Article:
Tuesday, February 25, 2014

Three Posts On Women in the Media

1.  The VIDA counts for 2013 are out. Soraya Chemaly notes the good news and the not-so-good news:

Today, as they have every year since 2009, VIDA: Women in The Literary Arts, an organization dedicated to gender parity in the literary arts, released its annual count documenting the gaping divide between the number of men and women being published in literary magazines, journals and book reviews.
First, the good news: The Boston Review, Poetry Magazine, and Tin House continued to maintain their consistently balanced byline ratios. However, gross disparities continue to dominate the field (I encourage you to take a quick skim of the pie charts on VIDA's website that show The Count at different journals). 

VIDA announced a "Drumroll for the 75%ers" (where women made up a quarter or less of writers): The Atlantic, London Review of Books, New Republic, The Nation, New York Review of Books (which managed, for the fourth year in a row to have less than 20% of it's bylines by women writers) and New Yorker.

However, The Paris Review and The New York Times Book Review are worth noting for the substantive changes that occurred in their gender representation during the past year. They are both examples of how awareness and concerted effort can quickly effect change.

As Chemaly points out, the reasons for the disparities can be complicated, but the percentages of men and women among those who submitted stuff into the slush piles probably isn't a crucial factor, simply because the slush pile is not the usual source for things to be published.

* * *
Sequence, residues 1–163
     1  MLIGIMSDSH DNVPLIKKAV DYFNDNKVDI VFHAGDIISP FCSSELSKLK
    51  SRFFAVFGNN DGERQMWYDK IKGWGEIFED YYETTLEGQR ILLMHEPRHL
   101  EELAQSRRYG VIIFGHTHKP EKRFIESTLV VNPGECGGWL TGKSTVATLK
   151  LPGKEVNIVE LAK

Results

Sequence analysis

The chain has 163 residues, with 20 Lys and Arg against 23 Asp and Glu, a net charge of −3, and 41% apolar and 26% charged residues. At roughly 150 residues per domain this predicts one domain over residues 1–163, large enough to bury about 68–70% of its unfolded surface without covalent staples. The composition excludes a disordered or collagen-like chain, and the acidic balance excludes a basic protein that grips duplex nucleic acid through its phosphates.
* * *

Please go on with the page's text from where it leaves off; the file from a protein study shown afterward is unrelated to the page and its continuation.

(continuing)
2.  In other news about women and media, the Women's Media Center's annual report is out.  It covers women in all media types, all the way from social media to obituaries, and in that sense works as the frame for the VIDA counts, too.*

3.  Mary Beard has written an interesting essay about the authoritative voice and whether women's voices can be regarded as authoritative in the public sphere or just as cacophony.

She weaves together examples from ancient Greece and Rome, from literature, from British and American history and today's Internet misogyny to support her argument:

These attitudes, assumptions and prejudices are hard-wired into us: not into our brains (there is no neurological reason for us to hear low-pitched voices as more authoritative than high-pitched ones); but into our culture, our language and millennia of our history. And when we are thinking about the under-representation of women in national politics, their relative muteness in the public sphere, we have to think beyond what the prime minister and his chums got up to in the Bullingdon Club, beyond the bad behaviour and blokeish culture of Westminster, beyond even family-friendly hours and childcare provision (important as those are). We have to focus on the even more fundamental issues of how we have learned to hear the contributions of women or – going back to the cartoon for a moment – on what I’d like to call the ‘Miss Triggs question’. Not just, how does she get a word in edgeways? But how can we make ourselves more aware about the processes and prejudices that make us not listen to her.

The Miss Triggs question, by the way, is this:

It’s a well-known deafness that’s nicely parodied in the old Punch cartoon: ‘That’s an excellent suggestion, Miss Triggs. Perhaps one of the men here would like to make it'